Pros and Cons: Inset vs Overlay Cabinets

Updated: Feb 17

If you're considering a kitchen or bath remodel, you've probably noticed how many different types and styles of cabinets there are to choose from. An important decision you'll have to make is whether you want inset or overlay cabinets.

The difference between inset versus overlay can make a significant difference in the style and overall price of your kitchen. Don't worry, we'll tell you everything you need to know about these two cabinet types including the implications on your design and budget.

Inset Cabinets

Inset doors and drawers fit flush within the frame of your cabinet when closed. This creates a streamlined smooth look but sacrifices some space within your cabinet frame. Designers typically incorporate inset cabinets into transitional, traditional, and more custom-looking kitchens. The custom smooth appearance of inset cabinets elevates the look and quality of any kitchen.

Depending on the cabinet maker you choose, inset doors and drawers can be

customized to include beading around the panel and can come in any stain, color, or finish. Check out a few of the different inset door styles custom cabinet maker Wood-Mode offers. You'll notice the hinge can be exposed or concealed, based on preference.

Inset cabinets tend to be pricier than full overlay cabinets because of the way they are carefully crafted to fit inside the cabinet frame. Additionally, they may require maintenance and adjustments over time to ensure they continue to open and close properly. Sometimes, with changes in humidity or just after years of wear, the doors and drawers will slightly shift and create gaps or rub against the frame.

Pros of inset cabinets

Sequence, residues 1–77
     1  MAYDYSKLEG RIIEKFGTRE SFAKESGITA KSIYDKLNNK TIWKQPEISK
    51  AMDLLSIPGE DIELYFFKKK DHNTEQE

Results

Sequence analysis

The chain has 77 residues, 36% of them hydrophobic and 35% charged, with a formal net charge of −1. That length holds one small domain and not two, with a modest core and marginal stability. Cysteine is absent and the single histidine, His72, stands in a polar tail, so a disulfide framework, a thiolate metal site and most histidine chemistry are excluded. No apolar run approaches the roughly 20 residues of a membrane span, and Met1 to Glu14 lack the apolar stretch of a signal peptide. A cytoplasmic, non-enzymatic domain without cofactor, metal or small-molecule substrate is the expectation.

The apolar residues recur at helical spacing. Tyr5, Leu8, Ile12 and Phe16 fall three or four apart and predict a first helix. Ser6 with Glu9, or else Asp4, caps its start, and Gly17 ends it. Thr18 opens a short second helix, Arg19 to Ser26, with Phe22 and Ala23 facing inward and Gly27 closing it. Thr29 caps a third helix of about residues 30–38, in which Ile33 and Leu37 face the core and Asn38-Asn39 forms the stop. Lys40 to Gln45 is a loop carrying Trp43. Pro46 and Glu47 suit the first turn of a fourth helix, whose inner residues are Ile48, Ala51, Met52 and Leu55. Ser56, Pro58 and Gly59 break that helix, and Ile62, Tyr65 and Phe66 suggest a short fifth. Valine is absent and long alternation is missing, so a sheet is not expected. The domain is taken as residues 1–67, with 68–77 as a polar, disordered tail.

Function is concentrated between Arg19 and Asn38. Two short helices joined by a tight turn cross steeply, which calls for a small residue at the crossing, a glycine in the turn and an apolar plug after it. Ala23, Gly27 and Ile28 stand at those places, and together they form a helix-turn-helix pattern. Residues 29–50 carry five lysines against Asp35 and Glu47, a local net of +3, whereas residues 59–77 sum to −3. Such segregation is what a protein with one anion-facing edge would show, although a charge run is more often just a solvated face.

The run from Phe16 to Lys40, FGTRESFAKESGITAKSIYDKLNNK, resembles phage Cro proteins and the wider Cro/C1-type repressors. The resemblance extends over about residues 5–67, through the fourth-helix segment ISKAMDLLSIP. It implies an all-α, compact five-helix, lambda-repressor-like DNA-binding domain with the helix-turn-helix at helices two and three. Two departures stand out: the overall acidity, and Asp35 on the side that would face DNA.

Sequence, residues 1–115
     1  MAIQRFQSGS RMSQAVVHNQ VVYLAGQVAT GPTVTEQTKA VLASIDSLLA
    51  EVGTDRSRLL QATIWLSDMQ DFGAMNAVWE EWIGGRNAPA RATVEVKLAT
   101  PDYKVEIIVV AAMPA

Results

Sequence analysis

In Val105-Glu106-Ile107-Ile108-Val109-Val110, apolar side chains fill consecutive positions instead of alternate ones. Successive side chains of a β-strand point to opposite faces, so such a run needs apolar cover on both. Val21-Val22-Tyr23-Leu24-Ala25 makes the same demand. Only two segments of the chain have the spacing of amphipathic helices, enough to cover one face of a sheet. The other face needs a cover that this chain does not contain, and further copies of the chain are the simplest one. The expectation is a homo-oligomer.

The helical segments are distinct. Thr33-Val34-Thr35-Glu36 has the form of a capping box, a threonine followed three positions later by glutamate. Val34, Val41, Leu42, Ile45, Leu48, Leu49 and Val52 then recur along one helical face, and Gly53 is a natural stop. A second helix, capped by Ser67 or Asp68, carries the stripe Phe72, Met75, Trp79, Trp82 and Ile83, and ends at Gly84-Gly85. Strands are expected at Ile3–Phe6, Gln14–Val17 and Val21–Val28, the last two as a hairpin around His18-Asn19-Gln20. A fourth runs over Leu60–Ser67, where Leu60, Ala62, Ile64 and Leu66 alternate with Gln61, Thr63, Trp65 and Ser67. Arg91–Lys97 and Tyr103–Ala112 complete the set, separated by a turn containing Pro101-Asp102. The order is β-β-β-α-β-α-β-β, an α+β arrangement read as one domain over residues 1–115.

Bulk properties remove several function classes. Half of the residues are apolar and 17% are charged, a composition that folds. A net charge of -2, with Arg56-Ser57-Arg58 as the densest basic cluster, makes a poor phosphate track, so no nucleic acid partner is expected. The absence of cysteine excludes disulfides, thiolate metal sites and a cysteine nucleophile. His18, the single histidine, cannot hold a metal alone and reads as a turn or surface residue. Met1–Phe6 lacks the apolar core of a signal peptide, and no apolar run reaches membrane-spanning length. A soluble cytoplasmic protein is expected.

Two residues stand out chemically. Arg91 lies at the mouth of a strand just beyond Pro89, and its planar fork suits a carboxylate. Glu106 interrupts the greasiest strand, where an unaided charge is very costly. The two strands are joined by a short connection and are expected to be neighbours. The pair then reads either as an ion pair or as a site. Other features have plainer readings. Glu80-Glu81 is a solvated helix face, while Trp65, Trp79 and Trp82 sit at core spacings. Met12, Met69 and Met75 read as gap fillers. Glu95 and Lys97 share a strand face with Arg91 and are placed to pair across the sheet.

• Clean, custom look

  • Great quality- usually fully custom cabinets

  • Hidden or exposed hinges

Cons of inset cabinets

  • Pricier than overlay

  • May require maintenance after time to adjust drawers and doors

  • Less storage than frameless cabinets

Overlay Cabinets

Overlay cabinets can have a full or partial overlay. Full overlay doors and drawers cover the face frame of the cabinet completely. Because they aren't set into the cabinet frame, there is additional storage and utilization within the cabinet. Depending on the door style you choose, overlay cabinets can be incorporated into almost any style of kitchen. Our designers typically use a slab door for more modern and contemporary spaces and opt for a raised, recessed, or flat panel door to create a more traditional or transitional feel.

Partial overlay cabinets cover most of the cabinet frame but leave space between the drawers and doors. This is typically the least expensive cabinet option. Another benefit of partial overlay- if you don't desire hardware on your cabinet, the space between the doors/drawers allows you to open them with your fingers.

Pros of overlay cabinets

  • Less expensive than inset

  • Offers the most storage

  • Can be used on frameless or framed cabinets

Cons of overlay cabinets

  • Not as high end as inset cabinets

  • May not be able to replicate inset look

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